Human Dimensions Specialist with The Baldwin Group, NOAA Coastal Services Center
I'm a contractor with the Human Dimensions program at the NOAA Coastal Services Center in Charleston, South Carolina. The Human Dimensions program focuses on the social, cultural, and economic aspects of managing coastal resources, or the human side of the equation.
My time is split over multiple projects. I've been involved in the development of several Web sites, including HD.gov, a one-stop-shop portal for social science information related to natural resource management. Another project I work on is CanVis, a simple software tool adapted to help coastal managers create visualizations. I provide technical support and virtual training. In addition to these projects I am involved with a group that collects photographs from Center staff members to create both a virtual and a physical Coastal Gallery. Through these galleries we hope that people better understand the many facets and geographies related to the coast.
My favorite aspect of working at NOAA is that people are valued for what they can bring to the table. We really emphasize people’s strengths and give them an opportunity to grow, making this a unique work environment.
When I was younger I used to tell people that I wanted to make a difference. They usually laughed and said that I’d see how crazy that was once I got into the real world. Now I do feel that in our own small way we do make a difference. There is no better feeling than hearing from a partner or customer that we gave them the ability to do something that they would not have otherwise been able to do. It makes all the effort worthwhile.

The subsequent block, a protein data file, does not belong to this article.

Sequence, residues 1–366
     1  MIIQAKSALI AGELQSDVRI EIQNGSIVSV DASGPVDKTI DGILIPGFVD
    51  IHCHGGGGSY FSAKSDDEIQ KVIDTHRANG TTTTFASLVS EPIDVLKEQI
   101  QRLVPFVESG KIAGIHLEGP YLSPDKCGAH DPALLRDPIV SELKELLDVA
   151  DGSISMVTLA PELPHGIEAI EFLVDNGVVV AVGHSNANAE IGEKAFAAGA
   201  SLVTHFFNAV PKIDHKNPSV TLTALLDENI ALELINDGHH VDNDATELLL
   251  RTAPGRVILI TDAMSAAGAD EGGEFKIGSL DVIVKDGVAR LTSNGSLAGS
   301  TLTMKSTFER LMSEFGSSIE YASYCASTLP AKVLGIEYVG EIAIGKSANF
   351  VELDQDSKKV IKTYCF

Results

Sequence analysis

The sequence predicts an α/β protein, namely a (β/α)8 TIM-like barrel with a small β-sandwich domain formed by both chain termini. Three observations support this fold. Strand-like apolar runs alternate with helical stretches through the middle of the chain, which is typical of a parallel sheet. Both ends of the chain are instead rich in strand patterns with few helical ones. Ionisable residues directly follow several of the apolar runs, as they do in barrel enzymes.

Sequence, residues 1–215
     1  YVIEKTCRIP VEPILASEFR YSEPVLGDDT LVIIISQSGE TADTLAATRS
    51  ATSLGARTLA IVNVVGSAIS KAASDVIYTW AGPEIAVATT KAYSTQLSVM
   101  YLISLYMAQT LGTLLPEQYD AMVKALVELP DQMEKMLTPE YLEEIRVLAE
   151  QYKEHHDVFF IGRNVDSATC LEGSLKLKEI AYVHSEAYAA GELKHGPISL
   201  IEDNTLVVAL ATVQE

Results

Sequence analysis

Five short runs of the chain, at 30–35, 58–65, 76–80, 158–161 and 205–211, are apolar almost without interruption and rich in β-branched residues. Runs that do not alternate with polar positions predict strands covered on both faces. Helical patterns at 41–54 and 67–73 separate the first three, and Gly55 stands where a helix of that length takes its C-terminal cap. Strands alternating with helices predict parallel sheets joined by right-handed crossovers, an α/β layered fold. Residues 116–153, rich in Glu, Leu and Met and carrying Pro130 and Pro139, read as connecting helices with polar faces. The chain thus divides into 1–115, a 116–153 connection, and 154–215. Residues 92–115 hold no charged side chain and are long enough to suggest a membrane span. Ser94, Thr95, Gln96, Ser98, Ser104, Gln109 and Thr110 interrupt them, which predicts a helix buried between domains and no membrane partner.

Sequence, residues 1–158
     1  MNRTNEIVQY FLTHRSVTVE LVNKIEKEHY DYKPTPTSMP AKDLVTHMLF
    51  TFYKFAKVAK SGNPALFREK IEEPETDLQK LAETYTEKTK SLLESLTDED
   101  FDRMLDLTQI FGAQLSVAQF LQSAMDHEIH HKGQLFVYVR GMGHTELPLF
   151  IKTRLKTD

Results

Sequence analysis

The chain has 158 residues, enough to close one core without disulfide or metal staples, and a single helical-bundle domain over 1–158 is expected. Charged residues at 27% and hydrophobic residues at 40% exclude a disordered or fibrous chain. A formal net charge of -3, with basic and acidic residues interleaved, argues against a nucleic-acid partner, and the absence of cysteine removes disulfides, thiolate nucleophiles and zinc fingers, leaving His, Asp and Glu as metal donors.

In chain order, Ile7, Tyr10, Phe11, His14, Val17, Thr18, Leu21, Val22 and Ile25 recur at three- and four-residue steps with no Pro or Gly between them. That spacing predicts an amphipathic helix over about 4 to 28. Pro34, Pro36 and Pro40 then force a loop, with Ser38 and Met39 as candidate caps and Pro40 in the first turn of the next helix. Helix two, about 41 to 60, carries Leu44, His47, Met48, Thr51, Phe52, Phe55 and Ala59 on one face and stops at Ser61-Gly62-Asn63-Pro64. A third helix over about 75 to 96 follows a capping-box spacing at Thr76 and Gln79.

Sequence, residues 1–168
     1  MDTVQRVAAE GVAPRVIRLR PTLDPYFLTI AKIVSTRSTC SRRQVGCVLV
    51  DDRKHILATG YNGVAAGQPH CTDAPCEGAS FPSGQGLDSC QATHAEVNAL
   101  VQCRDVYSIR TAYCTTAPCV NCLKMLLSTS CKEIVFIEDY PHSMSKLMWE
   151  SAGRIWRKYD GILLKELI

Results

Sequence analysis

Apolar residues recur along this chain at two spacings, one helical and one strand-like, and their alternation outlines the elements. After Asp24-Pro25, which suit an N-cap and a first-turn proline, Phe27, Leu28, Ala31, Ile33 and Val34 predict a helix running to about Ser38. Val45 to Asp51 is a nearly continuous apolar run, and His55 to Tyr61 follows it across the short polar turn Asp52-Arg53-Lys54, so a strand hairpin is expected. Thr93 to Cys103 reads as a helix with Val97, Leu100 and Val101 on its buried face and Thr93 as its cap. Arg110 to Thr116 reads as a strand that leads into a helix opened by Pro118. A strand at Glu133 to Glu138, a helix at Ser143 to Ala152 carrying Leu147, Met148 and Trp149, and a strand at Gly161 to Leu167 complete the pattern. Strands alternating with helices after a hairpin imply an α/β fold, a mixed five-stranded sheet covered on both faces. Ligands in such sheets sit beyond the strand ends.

There is so much I want to do. The hard thing is choosing what to do and finding enough time to get it all done.
B.S. in Marine and Freshwater Biology, University of New Hampshire;
M.S. in Environmental Studies/Marine Biology, Medical University of South Carolina and University of Charleston (South Carolina).
I learned to swim before I could walk. Many of my fondest early memories were of being on boats or at the beach. I decided when I was 11, as a result of a fantastic snorkeling trip in Malaysia, that I was going to be a marine biologist.
I applied for a job after getting my master’s and was hired to work on a six-month contract. I was then offered a full-time contractor position in the Outreach, now Human Dimensions, program. I’ve been working at the NOAA Coastal Services Center for seven years.
This would depend on the age group. I would recommend that high school (and younger) students spend time on and near the water and learn as much as they can about the ocean. There are great volunteer and shadowing programs available that can help them connect with possible mentors or people of similar interests.
For college students, field experience is the key. Getting experience working part time in their field of interest, as well as taking advantage of internship (both paid and unpaid) opportunities, can be extremely helpful in securing future jobs. I would also encourage students to join professional organizations in their area of interest and keep up to date on research and events.
I’ve learned about the human side of things. Most of my undergraduate studies focused on marine biology, and I didn’t realize the importance of policy and economics and other factors until I started my master’s degree. I now see everything as interconnected and the role of the individual as well as the group in influencing coastal management.